- Thu 28 August 2014
- misc
- Jason K. Moore
- #sympy, #cython, #fortran, #c, #matrices, #code generation, #python

I'm working on using direct collocation and nonlinear programming for system/parameter identification. This requires evaluating a vector of constraint equations and it's sparse Jacobian. When there are thousands of collocation nodes and a fair number of model states the equations need to be evaluated on the order of a million times at each optimization step. I've been generating the constraints equations and non-sparse Jacobian entries with SymPy and then generating code to evaluate the equations.

SymPy has a few facilities for generating fast code:

`lambdify`: generates Python code and can utilize NumPy`autowrap/codegen`: generates and wraps Fortran 95 and C code`ufuncify`: same as`autowrap`but "vectorizes" in the inputs and outputs

First I create the symbolic form of some sample expressions (these are much shorter than my real problems).

```
a, b, c = sp.symbols('a, b, c')
expr_00 = a**2 * sp.cos(b)**c
expr_01 = sp.tan(b) / sp.sin(a + b) + c**4
expr_10 = a**2 + b**2 - sp.sqrt(c)
expr_11 = ((a + b + c) * (a + b)) / a * sp.sin(b)
sym_mat = sp.ImmutableDenseMatrix([[expr_00, expr_01],
[expr_10, expr_11]])
```

Then simply set up some large one dimensional arrays that will be used in the expression evaluation.

```
n = 10000
a_vals = np.random.random(n)
b_vals = np.random.random(n)
c_vals = np.random.random(n)
```

The mathematical expressions are generally generated symbolically with SymPy. The easiest method available in SymPy is to use the lambdify function to generate a NumPy backed numerical function.

I'll try two methods:

- lambdify the matrix and rely on numpy's underlying broadcasting
- lambdify each expression individually

```
f = sp.lambdify((a, b, c), sym_mat, modules='numpy', default_array=True)
f00 = sp.lambdify((a, b, c), expr_00, modules='numpy', default_array=True)
f01 = sp.lambdify((a, b, c), expr_01, modules='numpy', default_array=True)
f10 = sp.lambdify((a, b, c), expr_10, modules='numpy', default_array=True)
f11 = sp.lambdify((a, b, c), expr_11, modules='numpy', default_array=True)
def eval_matrix_loop_lambdify():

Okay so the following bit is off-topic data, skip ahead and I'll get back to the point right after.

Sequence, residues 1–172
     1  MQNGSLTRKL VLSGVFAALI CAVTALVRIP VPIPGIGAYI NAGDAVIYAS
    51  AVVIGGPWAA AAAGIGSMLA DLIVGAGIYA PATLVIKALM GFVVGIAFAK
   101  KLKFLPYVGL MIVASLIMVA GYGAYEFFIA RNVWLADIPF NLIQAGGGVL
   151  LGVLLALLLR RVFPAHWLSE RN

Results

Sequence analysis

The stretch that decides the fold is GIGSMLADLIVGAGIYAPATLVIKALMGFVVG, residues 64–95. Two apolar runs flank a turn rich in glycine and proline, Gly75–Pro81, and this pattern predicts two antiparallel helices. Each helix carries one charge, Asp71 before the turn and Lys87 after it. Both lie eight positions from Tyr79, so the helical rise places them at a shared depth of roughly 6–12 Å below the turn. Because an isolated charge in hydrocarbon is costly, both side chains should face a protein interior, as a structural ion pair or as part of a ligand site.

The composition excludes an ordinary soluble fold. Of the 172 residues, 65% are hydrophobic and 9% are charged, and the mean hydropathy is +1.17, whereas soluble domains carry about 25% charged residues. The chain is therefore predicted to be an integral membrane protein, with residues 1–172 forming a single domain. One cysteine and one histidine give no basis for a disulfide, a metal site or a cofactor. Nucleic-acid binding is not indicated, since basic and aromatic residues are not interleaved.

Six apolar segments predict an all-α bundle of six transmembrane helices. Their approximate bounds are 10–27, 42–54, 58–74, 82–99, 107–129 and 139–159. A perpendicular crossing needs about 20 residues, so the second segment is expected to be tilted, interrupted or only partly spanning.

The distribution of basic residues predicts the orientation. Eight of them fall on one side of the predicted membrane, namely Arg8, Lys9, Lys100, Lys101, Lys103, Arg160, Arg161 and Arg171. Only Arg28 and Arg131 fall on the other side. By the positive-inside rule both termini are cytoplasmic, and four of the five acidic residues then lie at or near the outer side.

"""This evaluates the lambdified matrix of expressions all in one
shot."""
return f(a_vals, b_vals, c_vals)
def eval_matrix_loop_lambdify_individual():
"""This allocates a 3D array inserts the evaluated lambdified
expressions in the correct entries."""
result = np.empty((n, 2, 2))
result[:, 0, 0] = f00(a_vals, b_vals, c_vals)
result[:, 0, 1] = f01(a_vals, b_vals, c_vals)
result[:, 1, 0] = f10(a_vals, b_vals, c_vals)
result[:, 1, 1] = f11(a_vals, b_vals, c_vals)
return result
```

These two methods are explicit Python functions that use NumPy to do exactly what lambdify does under the hood.

```
def eval_matrix_loop_numpy_broadcast():
"""This is the same thing as lambdifying the SymPy matrix."""
result = np.array(
[[a_vals**2 * np.cos(b_vals)**c_vals,
np.tan(b_vals) / np.sin(a_vals + b_vals) + c_vals**4],
[a_vals**2 + b_vals**2 - np.sqrt(c_vals),
((a_vals + b_vals + c_vals) * (a_vals + b_vals)) / a_vals *
np.sin(b_vals)]])
return result
def eval_matrix_loop_numpy():
"""Since the number of matrix elements are typically much smaller than
the number of evaluations, NumPy can be used to compute each of the
Matrix expressions. This is equivalent to the individual lambdified
expressions above."""
result = np.empty((n, 2, 2))
result[:, 0, 0] = a_vals**2 * np.cos(b_vals)**c_vals
result[:, 0, 1] = np.tan(b_vals) / np.sin(a_vals + b_vals) + c_vals**4
result[:, 1, 0] = a_vals**2 + b_vals**2 - np.sqrt(c_vals)
result[:, 1, 1] = (((a_vals + b_vals + c_vals) * (a_vals + b_vals)) /
a_vals * np.sin(b_vals))
return result
```

The most basic method of building the result array is a simple loop in Python. But this will definitely be the slowest due to Python's overhead. But this is what we ultimately want to improve with all these methods that rely on fast low level code for the loop (vectorizing). This is the speed benchmark. All other method will be compared against it.

```
def eval_matrix_loop_python():
"""This is the standard Python method, i.e. loop through each array and